Here comes the Bogeyman – How certain Bogeymen were used to terrify the population in Victorian England.

Published: 2019/12/04 Number of words: 3390

This etching by Goya, completed around 1800, was inscribed by the artist “Here comes the Bogeyman.” (‘Que viene el Coco’) It is a disturbing image in many respects as the mother cowers with her two children as the cowled figure approaches them; he surely means no good. (*) This hooded figure in the nineteenth century mind may well have come to encompass the mystery fear behind the unknown killer that was ‘The Ripper’ or the figure of terror that was seen as ‘Spring Heeled Jack.’ Much of this terror was inspired by the newspapers and had its links in earlier tales of terror with common threads across cultures.* Image : ‘Los Caprichos, by Goya, 1799, Image from the Davison online art centre.

What this chapter will address is how certain ‘bogeymen’ were used to terrify the population, perhaps as ‘inventions’ or ‘elaborations’ of the press, but they satisfied the readers’ desire to be caught up in the atrociousness of acts as extreme as cannibalism. The stories used the fears of the reader and exemplified those half-formed qualms developing into anti-Semitism or mass hysteria. Marina Warner linked the ideas held in the Russian witch stories of ‘Baba Yaga’ with that of ‘Hansel and Gretel.’ (Warner, 1999, 26) Both characters prey on the young, although ‘Baba Yaga’ is not always malevolent and can be a ‘wise woman’ capable of great cruelty to those that cross her. Much of this is wrapped up with the ‘need’ for cruelty to be present in society, albeit at a distance. The Victorians would watch ‘Mr Punch’ a cruel baby basher and wife beater and laugh at his antics.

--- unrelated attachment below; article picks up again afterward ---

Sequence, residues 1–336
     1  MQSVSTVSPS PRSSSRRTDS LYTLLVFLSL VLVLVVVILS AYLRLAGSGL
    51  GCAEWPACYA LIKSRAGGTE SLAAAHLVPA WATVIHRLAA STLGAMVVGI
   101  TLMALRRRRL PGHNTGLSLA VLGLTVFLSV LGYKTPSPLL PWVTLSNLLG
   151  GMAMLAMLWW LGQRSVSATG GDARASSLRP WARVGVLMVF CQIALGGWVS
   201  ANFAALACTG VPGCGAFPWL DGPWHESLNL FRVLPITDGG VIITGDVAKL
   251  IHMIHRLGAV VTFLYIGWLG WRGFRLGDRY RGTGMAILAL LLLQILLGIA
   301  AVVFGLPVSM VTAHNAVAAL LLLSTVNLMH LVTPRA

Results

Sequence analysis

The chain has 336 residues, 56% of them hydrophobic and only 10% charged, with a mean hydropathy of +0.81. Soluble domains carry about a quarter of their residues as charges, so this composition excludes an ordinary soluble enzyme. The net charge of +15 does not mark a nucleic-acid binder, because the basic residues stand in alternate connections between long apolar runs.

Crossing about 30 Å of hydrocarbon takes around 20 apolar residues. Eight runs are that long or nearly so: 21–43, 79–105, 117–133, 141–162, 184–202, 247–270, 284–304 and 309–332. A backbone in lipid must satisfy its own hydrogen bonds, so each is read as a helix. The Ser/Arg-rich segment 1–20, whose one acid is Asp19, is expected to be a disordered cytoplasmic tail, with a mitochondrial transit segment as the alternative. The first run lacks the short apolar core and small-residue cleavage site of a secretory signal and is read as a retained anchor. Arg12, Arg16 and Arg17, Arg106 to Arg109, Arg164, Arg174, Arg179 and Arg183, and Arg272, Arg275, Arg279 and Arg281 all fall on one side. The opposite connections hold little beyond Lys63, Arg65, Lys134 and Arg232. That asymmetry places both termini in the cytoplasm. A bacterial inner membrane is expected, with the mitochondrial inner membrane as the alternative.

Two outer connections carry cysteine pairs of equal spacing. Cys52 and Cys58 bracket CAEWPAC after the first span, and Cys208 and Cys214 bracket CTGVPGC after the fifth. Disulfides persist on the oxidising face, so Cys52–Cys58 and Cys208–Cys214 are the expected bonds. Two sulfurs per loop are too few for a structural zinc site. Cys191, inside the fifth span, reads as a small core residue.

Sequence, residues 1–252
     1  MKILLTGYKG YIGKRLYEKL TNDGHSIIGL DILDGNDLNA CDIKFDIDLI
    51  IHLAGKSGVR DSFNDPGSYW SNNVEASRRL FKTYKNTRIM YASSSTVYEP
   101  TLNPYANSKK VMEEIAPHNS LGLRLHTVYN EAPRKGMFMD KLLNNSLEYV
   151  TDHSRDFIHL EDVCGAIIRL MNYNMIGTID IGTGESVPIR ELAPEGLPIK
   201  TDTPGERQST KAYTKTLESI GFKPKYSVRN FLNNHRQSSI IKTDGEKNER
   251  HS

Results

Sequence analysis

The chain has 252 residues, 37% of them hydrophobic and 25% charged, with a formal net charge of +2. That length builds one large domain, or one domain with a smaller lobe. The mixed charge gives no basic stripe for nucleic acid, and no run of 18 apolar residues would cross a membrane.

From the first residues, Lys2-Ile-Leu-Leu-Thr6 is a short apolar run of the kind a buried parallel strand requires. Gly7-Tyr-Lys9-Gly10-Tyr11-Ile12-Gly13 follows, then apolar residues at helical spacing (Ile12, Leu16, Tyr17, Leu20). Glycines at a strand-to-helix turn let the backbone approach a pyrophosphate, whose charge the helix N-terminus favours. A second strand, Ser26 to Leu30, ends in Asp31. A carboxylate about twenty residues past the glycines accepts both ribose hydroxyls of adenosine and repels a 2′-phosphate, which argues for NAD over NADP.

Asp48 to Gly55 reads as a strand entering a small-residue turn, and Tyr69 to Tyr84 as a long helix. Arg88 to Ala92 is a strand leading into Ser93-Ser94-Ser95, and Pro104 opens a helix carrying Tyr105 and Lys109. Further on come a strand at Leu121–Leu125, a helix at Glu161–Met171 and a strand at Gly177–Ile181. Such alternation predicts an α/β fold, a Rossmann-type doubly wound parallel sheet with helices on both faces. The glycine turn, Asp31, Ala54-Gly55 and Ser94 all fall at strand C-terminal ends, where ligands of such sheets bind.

They would read about ‘The Sandman’ who in E.T.A. Hoffman’s (1817) Fairy Tale would “come to little children when they won’t go to bed and throws handfuls of sand in their eyes, so that they jump out of their heads all bloody…” (Hoffman, 1999, 32) The ‘Sandman’ here is a fairy tale tool to frighten the children to go to bed, in a way that “be good or Santa won’t come” may be used to make children behave. This Victorian advertising card for ‘Woolson Spice’ advertising (1891) shows the children waiting for Santa as the Sandman approaches; at least one of the children however is seen to be nervously awake. (*) Does the Sandman slip into witches garb here in the way that the ‘wicked witch’ can appear to children in the fairy tales? The idea of a threat to children if they don’t go to sleep is seen across cultures, a Spanish lullaby goes “Go to sleep, evening star, for here comes the bogeyman, and he steals away children who don’t go to sleep.” (Traditional)* Image: ‘The Coming of the Sandman as children wait for Santa’ comes from Woolson Spice Advertising, 1891, and is taken from ‘Acclaim Images,’